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This year, we are focused on teaching our community about the agriculture and it's impact in our area. Our students have started to plan a community fair so that they can invite community members and families to learn about our community and it's agricultural history and influence. We will invite some of the speakers that we have used over the years to help present this information. Our school will have this fair as a half day during school hours so that our Roots & Shoots members can teach our school community all that they've learned. We will continue it into the evening so that families and the community can attend. This will also allow us to teach our community about our outdoor classroom that our Roots & Shoots members are helping to plan and build for our school.
BDC Colombia See map: Google Maps Food and Health Reduce, Reuse, Recycle Water 1 Subscribe to group ...
United States
Through the Green Market/Community Gardens Project, we are preparing our youth to step into a brighter tomorrow by teaching them sustainable farming techniques and adapting a lifestyle that’s healthier for our bodies as well as for the Earth. Local agriculture is a topic of great interest, especially in Brevard County. Most of the food we consume is shipped to us on trucks and trains. For many reasons, this is not sustainable for the future. Hydroponics is wonderful way to use assistive technology with our students with disabilities. Our goal is to raise awareness and inspire all students and those in the community to become aware of the benefits that come from locally fresh grown fruits and vegetables. We at Clearlake Education Center want to encourage people to get away from processed foods and get back to the basics while enhancing our environment. We will promote and encourage healthy eating and volunteering within the community. We are committed to saving the environment through recycling, reducing and reusing, keeping our soil rich and preserving our own health by growing organic and eating healthy. The students and faculty will educate our school community on working together to meet our stated goals. We are going green for the benefit of our world and community. Under the direction of Danielle Campbell, students have been involved for the past 9 years in a state-wide recycling project which involved teaching the school community about recycling. This Green Market and Community Gardens Project is a natural next step to apply our learning to discover opportunities for community connection and self-improvement as a self-supporting, school-based enterprise. Students will learn to prepare and sell goods and craft items that they are creating as part of our recycling program. We will also be selling fresh produce grown with Integrated Pest Management principles in hydroponic systems and raised bed community garden. Students learn how to prepare items for market and to display them to attract customers, how to interact with the public and handle money, as well as the economics of bookkeeping, budgeting and running a retail enterprise. The Green Market invites local growers and craftsmen to set up a table and work side-by-side with us, offering a place for the public to purchase items not available in proximity to the Clearlake community. By accepting EBT/SNAP, we will be serving every nearby demographic. Students will work side-by-side with members of the community and have a chance to get their hands in the dirt in our raised-bed gardens. We will invite the community to lease space for a nominal fee and come and grow produce with us in our raised-bed gardens. We have chosen this approach to help avoid some of the common pitfalls of Florida farming, such as soil-borne pathogens, and other pests. Raised bed gardening is less challenging for those with physical limitations; especially the elderly. The therapeutic benefit of gardening is well documented. Fresh air and sunshine are good for overall health and brain function.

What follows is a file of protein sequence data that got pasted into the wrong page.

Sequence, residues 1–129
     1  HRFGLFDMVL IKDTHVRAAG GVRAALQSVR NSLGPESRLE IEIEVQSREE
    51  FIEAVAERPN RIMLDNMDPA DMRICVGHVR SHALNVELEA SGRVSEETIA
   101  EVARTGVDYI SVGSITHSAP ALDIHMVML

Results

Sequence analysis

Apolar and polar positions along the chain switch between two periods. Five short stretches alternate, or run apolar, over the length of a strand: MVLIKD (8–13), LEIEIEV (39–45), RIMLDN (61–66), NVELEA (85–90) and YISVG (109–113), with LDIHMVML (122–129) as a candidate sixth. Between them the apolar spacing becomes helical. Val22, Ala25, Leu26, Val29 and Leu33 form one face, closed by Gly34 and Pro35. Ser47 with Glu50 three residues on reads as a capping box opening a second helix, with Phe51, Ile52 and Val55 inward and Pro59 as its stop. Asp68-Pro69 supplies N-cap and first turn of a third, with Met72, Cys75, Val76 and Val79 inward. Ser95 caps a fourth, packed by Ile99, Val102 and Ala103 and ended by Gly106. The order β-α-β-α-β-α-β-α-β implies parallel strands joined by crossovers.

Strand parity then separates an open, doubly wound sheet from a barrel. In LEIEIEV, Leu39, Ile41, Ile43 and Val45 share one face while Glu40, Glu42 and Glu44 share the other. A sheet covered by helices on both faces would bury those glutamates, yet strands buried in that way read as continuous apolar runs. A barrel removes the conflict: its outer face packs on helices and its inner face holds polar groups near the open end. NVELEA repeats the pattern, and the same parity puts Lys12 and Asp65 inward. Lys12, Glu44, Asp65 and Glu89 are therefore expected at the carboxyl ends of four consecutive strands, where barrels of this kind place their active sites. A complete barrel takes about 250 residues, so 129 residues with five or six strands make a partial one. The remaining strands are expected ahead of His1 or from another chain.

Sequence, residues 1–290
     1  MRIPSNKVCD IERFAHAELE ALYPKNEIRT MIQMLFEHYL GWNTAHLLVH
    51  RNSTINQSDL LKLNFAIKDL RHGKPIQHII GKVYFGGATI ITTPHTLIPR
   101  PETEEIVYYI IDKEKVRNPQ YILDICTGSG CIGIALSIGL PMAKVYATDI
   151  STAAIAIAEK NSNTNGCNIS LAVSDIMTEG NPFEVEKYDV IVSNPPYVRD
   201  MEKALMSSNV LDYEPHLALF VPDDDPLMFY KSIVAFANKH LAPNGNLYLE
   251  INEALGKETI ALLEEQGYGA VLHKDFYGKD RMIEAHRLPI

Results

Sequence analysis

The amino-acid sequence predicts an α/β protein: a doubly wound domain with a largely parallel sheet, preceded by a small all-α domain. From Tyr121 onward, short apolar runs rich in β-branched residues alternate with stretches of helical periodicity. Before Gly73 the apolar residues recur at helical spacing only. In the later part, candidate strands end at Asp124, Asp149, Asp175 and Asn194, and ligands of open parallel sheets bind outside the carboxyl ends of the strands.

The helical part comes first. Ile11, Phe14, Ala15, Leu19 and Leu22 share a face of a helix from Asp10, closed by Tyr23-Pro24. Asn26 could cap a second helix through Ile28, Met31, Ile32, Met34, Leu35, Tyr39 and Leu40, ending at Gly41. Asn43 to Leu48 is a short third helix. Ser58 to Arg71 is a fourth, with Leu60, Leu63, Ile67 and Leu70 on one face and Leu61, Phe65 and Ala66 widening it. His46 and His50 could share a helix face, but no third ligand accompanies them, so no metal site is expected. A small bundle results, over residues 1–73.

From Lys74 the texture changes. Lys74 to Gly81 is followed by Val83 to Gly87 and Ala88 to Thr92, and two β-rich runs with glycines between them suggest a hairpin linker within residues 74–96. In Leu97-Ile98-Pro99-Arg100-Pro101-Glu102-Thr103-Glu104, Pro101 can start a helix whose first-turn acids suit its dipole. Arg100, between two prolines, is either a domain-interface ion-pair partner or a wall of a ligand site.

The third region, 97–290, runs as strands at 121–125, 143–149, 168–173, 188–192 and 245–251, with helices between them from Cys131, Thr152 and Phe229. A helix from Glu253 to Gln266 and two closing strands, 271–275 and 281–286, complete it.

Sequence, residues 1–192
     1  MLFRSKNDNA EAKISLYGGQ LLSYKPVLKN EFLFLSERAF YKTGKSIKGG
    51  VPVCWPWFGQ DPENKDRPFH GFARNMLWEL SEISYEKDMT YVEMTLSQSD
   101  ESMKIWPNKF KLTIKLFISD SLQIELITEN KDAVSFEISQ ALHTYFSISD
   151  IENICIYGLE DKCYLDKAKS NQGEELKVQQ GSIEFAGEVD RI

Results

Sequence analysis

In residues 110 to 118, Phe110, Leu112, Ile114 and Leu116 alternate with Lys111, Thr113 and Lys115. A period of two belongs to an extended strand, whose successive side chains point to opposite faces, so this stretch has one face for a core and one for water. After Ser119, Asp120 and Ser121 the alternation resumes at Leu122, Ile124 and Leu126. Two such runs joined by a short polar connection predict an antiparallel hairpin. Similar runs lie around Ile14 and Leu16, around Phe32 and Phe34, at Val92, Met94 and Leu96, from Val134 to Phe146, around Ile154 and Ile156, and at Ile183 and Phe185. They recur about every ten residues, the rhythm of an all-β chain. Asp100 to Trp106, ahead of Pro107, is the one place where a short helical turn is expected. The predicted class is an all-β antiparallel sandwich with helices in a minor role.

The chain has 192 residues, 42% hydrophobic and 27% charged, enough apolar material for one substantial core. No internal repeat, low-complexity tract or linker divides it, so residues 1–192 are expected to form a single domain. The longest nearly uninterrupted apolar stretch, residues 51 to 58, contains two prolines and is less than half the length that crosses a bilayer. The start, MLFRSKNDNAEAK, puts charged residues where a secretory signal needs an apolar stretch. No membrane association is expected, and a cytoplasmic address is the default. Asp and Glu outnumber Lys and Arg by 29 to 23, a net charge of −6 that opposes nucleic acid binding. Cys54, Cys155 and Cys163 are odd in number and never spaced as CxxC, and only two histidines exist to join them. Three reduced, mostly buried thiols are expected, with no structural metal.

Here in Argentina, there is a children's hospital that collects bottle for earning money.